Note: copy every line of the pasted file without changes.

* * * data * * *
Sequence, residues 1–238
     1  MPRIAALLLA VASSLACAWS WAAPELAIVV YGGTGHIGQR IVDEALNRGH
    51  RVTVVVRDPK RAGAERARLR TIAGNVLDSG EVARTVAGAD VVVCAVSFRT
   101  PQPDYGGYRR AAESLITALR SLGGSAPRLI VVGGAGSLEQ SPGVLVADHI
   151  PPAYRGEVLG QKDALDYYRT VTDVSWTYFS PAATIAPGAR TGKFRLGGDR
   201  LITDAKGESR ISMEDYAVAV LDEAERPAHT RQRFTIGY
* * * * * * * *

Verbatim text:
Sequence, residues 1–238
     1  MPRIAALLLA VASSLACAWS WAAPELAIVV YGGTGHIGQR IVDEALNRGH
    51  RVTVVVRDPK RAGAERARLR TIAGNVLDSG EVARTVAGAD VVVCAVSFRT
   101  PQPDYGGYRR AAESLITALR SLGGSAPRLI VVGGAGSLEQ SPGVLVADHI
   151  PPAYRGEVLG QKDALDYYRT VTDVSWTYFS PAATIAPGAR TGKFRLGGDR
   201  LITDAKGESR ISMEDYAVAV LDEAERPAHT RQRFTIGY